When it comes to TV farewells, the old showbiz mandate ”Go out with a bang, not a whimper” should come with a corollary: ”But let someone else do the banging.” If only someone had whispered such wisdom in Kathie Lee Gifford’s ear before she exited stage Reege.
Gifford announced in February that she was stepping down from her hosting throne on Live! With Regis & Kathie Lee. Which meant that she had five months before her July 28 swan song — five months to weep, to bang her own drum mercilessly, to nail home her Al Gore-style talking points. She would miss us all, she promised, but she had to pursue her acting and singing dreams.
Sadly, this extended look-at-me adieu only encouraged her detractors to pop her self-inflated ”Good luck” balloons. In the months following her farewell week, every stumble was reported with glee: Regis’ Live! ratings have shot up 19 percent since she left; in its first month, her pop pap disc Heart of a Woman had sold an arrhythmic 17,000 copies; Reege’s scheming producer, Gelman, didn’t invite her back to promote it. She defended herself — loudly — claiming she hadn’t wanted to go back on Live!, that she’d actually wanted to quit the show for the past five years. All of which made people want to plug their ears to her shrill farewell, not memorialize it.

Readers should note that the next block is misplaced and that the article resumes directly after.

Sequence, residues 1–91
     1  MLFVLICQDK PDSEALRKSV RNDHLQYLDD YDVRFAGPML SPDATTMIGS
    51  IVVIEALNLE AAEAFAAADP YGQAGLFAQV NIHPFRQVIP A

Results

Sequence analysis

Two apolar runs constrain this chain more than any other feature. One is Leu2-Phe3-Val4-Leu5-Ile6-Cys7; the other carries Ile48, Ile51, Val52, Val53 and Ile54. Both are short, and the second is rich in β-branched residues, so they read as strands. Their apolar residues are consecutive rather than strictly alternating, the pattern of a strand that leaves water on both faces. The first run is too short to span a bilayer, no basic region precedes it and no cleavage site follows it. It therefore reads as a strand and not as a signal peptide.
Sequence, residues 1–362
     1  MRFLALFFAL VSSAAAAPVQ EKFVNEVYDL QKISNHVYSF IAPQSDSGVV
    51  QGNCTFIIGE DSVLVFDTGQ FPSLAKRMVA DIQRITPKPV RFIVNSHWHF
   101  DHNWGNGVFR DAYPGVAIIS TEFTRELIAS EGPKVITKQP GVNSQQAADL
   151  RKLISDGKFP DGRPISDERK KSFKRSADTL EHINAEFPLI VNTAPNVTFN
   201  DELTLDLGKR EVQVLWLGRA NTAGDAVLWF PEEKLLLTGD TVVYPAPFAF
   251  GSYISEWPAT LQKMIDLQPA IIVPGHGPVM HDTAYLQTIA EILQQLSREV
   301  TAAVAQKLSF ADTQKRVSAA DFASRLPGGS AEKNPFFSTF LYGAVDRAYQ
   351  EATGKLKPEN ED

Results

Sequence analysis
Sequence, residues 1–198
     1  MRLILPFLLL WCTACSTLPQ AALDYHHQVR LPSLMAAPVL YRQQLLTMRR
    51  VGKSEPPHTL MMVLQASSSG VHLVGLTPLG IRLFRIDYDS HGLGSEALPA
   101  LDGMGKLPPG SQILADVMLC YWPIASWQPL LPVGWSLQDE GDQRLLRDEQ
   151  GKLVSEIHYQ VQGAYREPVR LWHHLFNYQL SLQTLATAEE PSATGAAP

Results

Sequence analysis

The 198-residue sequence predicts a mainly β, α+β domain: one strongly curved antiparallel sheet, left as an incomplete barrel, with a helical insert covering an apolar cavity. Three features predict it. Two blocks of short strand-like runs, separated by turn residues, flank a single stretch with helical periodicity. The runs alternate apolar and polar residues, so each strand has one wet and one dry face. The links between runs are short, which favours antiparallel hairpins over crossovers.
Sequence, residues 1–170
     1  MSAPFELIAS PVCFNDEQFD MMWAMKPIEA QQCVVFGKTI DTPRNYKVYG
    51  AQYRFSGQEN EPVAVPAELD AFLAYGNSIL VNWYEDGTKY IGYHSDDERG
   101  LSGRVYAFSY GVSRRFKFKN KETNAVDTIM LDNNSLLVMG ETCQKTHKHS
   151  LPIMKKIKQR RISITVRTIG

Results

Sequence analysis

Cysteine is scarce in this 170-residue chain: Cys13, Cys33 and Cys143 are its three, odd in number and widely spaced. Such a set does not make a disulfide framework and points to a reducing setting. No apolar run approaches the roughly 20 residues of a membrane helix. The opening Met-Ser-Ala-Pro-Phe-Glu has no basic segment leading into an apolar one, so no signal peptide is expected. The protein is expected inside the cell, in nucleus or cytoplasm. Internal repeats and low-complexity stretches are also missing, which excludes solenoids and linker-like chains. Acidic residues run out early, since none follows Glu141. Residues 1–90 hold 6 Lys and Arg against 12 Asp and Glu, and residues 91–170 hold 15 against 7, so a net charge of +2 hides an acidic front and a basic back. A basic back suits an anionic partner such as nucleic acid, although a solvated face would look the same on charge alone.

Michael J. Fox, on the other hand, vanished from the screen with the same laconic, understated dignity he’d radiated since his Family Ties fame. He announced in January that his fourth season on Spin City would be his last; he wanted to spend more time with his family and raise money to find a cure for Parkinson’s disease, the affliction he shares with more than one million Americans. His May 24 exit attracted 33 million viewers, but it had the intimacy of a group hug: Fox embraced his weeping cast, offered a self-effacing wave to the studio audience, and darted away.
He was showered with statues this year — an Emmy, a Golden Globe, a SAG award — all of which seemed less for his benefit than for ours, another chance for us to say farewell. ”Because he started on TV as a kid and people grew up with him, it was doubly emotional,” says Spin City cocreator Gary David Goldberg, also the man behind Family Ties. ”In a way they were saying goodbye to their own family.” Bang!